Prosecutors filed felony charges Thursday against a teen-age driver from Anaheim who admitted drinking 10 beers before a car crash in Victorville that killed four of his friends and injured three others.
James V. Patterson, who turned 18 on Wednesday, was charged with four counts of vehicular manslaughter--one for each of the teens killed in the July 29 desert wreck. He also faces two counts of felony drunk driving.
Meanwhile, the Orange parents of one of the deceased teens filed a wrongful death lawsuit seeking unspecified damages from Patterson and his parents.
"We have no choice," said Cynthia Bender, whose 18-year-old son, Steven Richard Bender, died in the wreck. "And I think there'll be three more filed too."
Bender said, "All four boys died as a result of somebody getting behind the wheel who should never have been behind the wheel. He has to live with that the rest of his life. But you have to change behavior patterns, or it's going to happen again."
Patterson's father, David Patterson, declined to comment except to say, "I feel like up to now my son has been tried in the press."
James Patterson was at the wheel when his Chevy Suburban careened out of control on a desert dirt road and rolled over several times. His blood alcohol level was found to be 0.16%, twice the legal limit for adult drivers and 16 times the limit for drivers under 21. A police report shows he was driving at least 58 m.p.h.
Four friends died as a result of the crash, which left 40 beer cans strewn in its wake.
The others who died were Jonothan Croweagle Fabbro Curtis, 16, of Garden Grove, John Thornton, 18, of Anaheim, and Anthony Fuentes, 17, of Anaheim. Three other friends were seriously injured.
Patterson, a Katella High School senior, suffered only minor injuries.
The prosecutor said Patterson will remain free pending an Oct. 20 arraignment hearing in Juvenile Court in San Bernardino, when a judge will decide whether he should be kept in custody until trial.
San Bernardino County Deputy Dist. Atty. Colin Bilash said the allegations against Patterson did not meet legal requirements--such as nature of the alleged crime and the way it was carried out--for trying him as an adult. Bilash said the youth's clean record was also a factor in the prosecution's decision to try him as a juvenile, which means Patterson could be held in Juvenile Hall until he turns 21, if convicted.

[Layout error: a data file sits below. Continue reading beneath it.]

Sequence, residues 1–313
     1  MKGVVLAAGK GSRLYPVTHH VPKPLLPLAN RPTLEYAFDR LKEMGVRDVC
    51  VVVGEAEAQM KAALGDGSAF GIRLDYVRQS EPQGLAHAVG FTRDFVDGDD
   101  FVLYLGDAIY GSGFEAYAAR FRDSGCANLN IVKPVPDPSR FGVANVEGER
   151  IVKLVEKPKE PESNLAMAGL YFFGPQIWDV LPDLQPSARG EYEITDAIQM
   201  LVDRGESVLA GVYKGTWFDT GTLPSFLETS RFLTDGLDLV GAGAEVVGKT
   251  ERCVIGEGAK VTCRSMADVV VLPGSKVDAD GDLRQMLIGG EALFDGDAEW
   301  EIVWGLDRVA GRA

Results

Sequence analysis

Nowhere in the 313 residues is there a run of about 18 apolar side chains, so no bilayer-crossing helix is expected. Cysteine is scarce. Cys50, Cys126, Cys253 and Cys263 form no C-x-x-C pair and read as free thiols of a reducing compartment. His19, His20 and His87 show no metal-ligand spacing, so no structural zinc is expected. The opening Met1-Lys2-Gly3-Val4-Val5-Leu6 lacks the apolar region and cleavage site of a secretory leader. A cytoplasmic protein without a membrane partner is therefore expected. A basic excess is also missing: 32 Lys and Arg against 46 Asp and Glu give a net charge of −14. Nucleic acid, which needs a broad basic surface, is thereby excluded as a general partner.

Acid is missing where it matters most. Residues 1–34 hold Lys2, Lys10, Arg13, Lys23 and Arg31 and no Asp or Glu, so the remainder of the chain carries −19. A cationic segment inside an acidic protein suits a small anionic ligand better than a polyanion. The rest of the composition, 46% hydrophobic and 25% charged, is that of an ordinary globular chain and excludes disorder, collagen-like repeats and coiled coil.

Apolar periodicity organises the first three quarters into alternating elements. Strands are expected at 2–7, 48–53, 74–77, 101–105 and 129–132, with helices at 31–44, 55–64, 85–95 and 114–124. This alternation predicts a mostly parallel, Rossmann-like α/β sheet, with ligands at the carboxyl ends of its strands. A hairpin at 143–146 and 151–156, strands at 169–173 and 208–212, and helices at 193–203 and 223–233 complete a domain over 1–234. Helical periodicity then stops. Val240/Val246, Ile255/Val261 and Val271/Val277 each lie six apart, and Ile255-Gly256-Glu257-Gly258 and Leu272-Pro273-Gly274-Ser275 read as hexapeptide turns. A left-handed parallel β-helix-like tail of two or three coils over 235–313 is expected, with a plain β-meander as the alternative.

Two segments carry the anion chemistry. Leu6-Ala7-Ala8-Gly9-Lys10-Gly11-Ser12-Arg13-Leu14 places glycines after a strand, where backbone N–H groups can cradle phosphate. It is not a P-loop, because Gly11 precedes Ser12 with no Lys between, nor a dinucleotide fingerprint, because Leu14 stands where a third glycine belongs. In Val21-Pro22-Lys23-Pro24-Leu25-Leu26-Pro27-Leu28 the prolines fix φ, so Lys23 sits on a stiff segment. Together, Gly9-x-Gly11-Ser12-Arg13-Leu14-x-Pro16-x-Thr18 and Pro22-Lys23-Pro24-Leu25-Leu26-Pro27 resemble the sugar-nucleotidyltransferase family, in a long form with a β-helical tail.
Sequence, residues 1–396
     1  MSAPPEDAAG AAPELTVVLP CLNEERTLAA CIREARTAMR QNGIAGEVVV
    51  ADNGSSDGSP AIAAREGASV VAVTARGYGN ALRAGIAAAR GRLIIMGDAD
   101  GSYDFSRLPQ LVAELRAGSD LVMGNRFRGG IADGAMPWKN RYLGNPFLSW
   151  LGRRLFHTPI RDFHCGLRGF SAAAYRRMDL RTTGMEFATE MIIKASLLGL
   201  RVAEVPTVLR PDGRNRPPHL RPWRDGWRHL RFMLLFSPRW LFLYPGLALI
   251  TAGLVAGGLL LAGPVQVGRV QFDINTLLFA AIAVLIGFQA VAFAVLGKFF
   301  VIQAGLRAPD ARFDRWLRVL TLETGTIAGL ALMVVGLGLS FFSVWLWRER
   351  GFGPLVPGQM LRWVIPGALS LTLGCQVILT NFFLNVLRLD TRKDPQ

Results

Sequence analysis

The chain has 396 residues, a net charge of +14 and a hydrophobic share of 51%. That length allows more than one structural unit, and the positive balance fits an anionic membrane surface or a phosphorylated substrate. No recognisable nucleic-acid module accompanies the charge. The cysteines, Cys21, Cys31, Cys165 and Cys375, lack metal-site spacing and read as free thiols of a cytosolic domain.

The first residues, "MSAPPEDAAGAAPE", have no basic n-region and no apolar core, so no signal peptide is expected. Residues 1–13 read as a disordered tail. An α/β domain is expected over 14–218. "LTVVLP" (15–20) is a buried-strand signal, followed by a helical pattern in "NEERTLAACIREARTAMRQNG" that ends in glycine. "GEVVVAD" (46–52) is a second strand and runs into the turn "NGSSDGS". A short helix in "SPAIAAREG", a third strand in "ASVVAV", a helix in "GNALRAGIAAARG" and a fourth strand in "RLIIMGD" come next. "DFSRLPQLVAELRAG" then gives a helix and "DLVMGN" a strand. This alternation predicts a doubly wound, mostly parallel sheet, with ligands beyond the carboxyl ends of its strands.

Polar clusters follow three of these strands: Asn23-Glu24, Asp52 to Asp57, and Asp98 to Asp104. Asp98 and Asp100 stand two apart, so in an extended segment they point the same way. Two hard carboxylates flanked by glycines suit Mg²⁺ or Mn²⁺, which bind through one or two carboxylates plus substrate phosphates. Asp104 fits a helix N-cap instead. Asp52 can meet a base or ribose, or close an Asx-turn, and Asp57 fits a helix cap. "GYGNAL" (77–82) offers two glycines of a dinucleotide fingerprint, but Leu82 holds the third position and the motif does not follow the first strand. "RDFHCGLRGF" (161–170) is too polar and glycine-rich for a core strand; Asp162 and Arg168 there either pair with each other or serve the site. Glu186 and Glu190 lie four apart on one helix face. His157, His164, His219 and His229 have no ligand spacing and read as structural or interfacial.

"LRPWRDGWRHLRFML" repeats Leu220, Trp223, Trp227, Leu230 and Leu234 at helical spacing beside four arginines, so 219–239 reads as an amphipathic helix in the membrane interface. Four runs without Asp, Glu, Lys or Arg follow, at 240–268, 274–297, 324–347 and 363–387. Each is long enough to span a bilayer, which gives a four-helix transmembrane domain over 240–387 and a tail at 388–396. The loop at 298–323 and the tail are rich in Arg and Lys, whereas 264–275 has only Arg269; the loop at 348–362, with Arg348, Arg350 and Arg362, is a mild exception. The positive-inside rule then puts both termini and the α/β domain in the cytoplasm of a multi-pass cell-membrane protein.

"He's not been involved in the [criminal justice] system before," Bilash said.
That decision disappointed the father of Jonothan Curtis.
"It was four deaths and my son Jonothan, he was my only child. . . . This case should send a message out to kids that it's not OK to drink and drive," said Fred Curtis. "It's not OK to drink and drive, and it's not OK to kill your friends."
Fred Curtis also said Patterson displayed "arrogance" and "total irresponsibility" when he told police about his drinking.
Patterson told California Highway Patrol investigators he drank 10 beers around a campfire during the group's overnight camping trip to the desert. He said he got four hours of sleep in the back of the Suburban and figured that was enough time to sober him up, according to a CHP report.
Patterson told police he considered himself able to drink a 12-pack and still act "normal."
"Normally when we go and spend the night somewhere, our designated drivers will drink what they think they can handle, which would for a lot of guys be a 12-pack, and then they fall asleep and then they go," Patterson told investigators after the wreck.
According to the report, Patterson took a 12-pack of beer from his parents' house before heading to the desert. The group of teens then went to Me-N-Paul's Market in Anaheim where they bought five more 12-packs, Patterson told police.
Anaheim authorities have filed misdemeanor charges against the market's owner and a clerk who allegedly sold beer to the youths, and state officials are seeking revocation of the market's liquor license. The California Department of Alcoholic Beverage Control is seeking a court injunction to prevent the store from selling alcohol to minors during the lengthy administrative procedure against the market.
The mother of John Thornton said she trusts the prosecutors to do the right thing.
"Possibly more good will come out of it in the juvenile system. I understand it's not so much focus on punishment as it is on rehabilitation," said Christine Thornton. "If this is the way they feel best going about it, we just hope and pray the system will work."
She added: "We'd like it to be the last tragedy of this kind. . . . We just don't want this to ever happen again."